Fleas from an chipmunk found in the South Lake Tahoe area have tested positive for plague, according to El Dorado County public health officials.
The flea sample was from one of three rodents trapped in the Fallen Leaf Campground area during routine plague surveillance May 18, according to a county Public Health Division news release. State test results confirming plague were received June 2.
Warning signs are posted in the affected area, and people are advised to report dead or sick rodents. All campers upon checking in are provided with educational materials about plague. Health officials said they are not aware of any human contact with infected rodents in the Fallen Leaf area.
Plague is naturally present in many parts of California, including higher elevation areas of El Dorado County. Public health officials said additional plague testing is being performed this week in the Fallen Leaf Campground area.
Plague is an infectious bacterial disease spread by squirrels, chipmunks and other wild rodents and their fleas. People can get plague when they are bitten by an infected flea or through close contact with an infected rodent or pet. Plague can be prevented by avoiding contact with wild rodents and keeping pets away from rodent burrows.
Symptoms of plague usually occur within two weeks of exposure to an infected animal or flea and include fever, nausea, weakness and swollen lymph nodes. The disease can be effectively treated with antibiotics if detected early.
The California Department of Public Health routinely monitors rodent populations for plague activity and coordinates with county health officials. Last year in El Dorado County, a California ground squirrel at the Tallac Historic Site tested positive for plague in September. In 2014, two live rodents tested positive for plague antibodies and three tested positive in 2013. But officials said there were no reports of people becoming ill with plague in El Dorado County.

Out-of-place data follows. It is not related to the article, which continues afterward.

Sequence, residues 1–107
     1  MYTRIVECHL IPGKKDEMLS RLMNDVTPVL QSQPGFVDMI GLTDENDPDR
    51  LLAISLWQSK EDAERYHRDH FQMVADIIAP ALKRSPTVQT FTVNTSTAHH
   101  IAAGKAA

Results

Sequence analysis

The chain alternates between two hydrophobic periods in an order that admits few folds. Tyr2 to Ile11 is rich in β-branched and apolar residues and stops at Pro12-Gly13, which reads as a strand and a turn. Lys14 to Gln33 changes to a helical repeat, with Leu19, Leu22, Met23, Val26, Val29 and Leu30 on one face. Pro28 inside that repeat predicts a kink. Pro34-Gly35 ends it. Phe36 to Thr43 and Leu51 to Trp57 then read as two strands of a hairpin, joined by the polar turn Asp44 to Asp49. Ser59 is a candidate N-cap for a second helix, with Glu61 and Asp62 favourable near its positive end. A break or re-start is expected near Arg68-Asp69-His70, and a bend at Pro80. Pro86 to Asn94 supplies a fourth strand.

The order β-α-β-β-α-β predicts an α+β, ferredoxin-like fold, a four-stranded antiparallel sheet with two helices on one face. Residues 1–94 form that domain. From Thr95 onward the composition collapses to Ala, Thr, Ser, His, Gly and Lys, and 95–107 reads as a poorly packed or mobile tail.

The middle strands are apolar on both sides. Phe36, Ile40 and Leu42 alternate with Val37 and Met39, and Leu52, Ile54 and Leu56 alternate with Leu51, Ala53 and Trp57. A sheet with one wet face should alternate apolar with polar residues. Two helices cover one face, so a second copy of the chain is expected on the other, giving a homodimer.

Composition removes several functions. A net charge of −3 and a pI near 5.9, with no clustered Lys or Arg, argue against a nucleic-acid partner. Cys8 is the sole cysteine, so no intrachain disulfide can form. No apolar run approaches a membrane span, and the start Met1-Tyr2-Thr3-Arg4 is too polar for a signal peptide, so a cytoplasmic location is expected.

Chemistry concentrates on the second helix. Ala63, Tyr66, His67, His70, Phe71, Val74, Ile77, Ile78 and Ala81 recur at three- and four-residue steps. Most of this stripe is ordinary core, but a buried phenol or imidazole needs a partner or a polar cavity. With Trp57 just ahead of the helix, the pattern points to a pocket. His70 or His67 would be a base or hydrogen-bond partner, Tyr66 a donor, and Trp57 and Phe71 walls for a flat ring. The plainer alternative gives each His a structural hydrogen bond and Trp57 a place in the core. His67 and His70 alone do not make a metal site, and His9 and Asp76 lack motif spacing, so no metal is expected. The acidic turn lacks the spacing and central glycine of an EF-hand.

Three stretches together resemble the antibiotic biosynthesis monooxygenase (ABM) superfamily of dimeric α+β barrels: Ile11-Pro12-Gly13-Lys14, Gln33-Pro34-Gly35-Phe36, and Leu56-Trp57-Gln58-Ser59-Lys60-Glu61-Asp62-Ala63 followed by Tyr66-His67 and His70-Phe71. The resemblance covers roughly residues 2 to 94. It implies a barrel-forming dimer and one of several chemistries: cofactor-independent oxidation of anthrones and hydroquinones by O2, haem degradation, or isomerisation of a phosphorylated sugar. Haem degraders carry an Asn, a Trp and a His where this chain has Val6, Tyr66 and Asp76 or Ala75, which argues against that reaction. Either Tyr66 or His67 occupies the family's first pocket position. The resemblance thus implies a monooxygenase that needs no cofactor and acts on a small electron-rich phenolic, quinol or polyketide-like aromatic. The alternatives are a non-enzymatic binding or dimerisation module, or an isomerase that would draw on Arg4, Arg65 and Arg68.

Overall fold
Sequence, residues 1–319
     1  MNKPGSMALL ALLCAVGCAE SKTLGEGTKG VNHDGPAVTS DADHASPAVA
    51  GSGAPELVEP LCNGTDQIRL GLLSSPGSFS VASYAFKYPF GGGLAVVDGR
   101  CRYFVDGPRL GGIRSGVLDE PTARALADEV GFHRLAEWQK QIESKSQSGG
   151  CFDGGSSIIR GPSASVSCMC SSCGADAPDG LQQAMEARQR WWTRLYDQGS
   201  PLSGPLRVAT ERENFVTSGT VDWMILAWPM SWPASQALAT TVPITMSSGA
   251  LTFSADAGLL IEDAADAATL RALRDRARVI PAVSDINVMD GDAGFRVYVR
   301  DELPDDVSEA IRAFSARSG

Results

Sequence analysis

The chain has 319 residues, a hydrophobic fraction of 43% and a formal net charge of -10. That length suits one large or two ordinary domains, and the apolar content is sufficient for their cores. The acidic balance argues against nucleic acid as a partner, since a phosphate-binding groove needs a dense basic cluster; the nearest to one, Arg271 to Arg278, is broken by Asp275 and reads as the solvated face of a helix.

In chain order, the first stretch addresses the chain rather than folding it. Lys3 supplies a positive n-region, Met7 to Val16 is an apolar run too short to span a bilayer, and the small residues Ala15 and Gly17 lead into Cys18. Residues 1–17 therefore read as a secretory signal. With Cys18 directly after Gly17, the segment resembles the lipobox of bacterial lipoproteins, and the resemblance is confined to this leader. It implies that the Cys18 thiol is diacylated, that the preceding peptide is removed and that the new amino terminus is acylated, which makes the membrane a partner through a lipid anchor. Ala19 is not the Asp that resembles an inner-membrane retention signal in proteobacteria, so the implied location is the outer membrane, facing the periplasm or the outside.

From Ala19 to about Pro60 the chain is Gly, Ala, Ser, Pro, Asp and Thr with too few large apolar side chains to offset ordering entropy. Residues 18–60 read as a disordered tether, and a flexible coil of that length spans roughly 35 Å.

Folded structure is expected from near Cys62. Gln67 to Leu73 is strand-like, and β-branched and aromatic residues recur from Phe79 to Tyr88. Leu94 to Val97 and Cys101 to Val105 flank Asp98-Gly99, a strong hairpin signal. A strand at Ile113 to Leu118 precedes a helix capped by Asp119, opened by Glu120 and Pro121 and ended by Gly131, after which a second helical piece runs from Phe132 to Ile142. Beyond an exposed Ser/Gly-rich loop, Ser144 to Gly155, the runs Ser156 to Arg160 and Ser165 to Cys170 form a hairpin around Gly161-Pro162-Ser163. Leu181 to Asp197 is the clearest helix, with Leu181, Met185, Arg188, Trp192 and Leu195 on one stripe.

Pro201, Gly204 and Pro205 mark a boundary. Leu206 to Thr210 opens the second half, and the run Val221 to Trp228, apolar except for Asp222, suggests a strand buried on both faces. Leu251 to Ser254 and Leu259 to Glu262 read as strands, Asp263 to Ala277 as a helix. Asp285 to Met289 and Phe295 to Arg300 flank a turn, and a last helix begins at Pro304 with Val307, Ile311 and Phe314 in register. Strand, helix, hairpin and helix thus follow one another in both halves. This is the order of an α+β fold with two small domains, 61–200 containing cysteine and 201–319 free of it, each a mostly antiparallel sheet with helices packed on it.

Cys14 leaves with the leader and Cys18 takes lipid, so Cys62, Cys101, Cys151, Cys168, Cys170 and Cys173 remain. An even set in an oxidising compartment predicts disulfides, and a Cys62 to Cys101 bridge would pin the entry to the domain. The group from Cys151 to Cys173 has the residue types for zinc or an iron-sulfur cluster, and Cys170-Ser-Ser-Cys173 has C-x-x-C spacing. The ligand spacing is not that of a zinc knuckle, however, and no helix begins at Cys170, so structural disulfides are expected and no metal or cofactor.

Statewide, there were two human cases of plague in 2015 after exposure to infected rodents in Yosemite Valley. Both were treated and recovered. Those were the first reported cases in California since 2006.
To prevent plague, public health officials advise:
- Do not feed squirrels, chipmunks or other wild rodents.
- Never touch sick, injured or dead rodents
- Do not camp, sleep or rest near animal burrows or areas where dead rodents are observed
- Look for and heed warning signs.
- Wear long pants tucked into boot tops, and spray insect repellent containing DEET on socks and pant cuffs to reduce exposure to fleas.
- Leave pets home if possible, or keep them on a leash. Do not allow pets to approach sick of dead rodents or explore rodent burrows. Protect pets with flea-control products.
- Pet cats are highly susceptible to plague and can pose a direct threat to humans. Keep cats away from rodents, and consult a veterinarian if a cat becomes sick after contact with rodents.
- Anyone who becomes sick after being in an area where plague is known to occur should consult a physician and tell the doctor of possible exposure to plague.
To report a sick or dead rodent, or for questions about plague, call El Dorado County Environmental Management at 530-573-3450. For more information about plague, see the California Department of Public Health website, www.cdph.ca.gov/HEALTHINFO/DISCOND/Pages/Plague.aspx.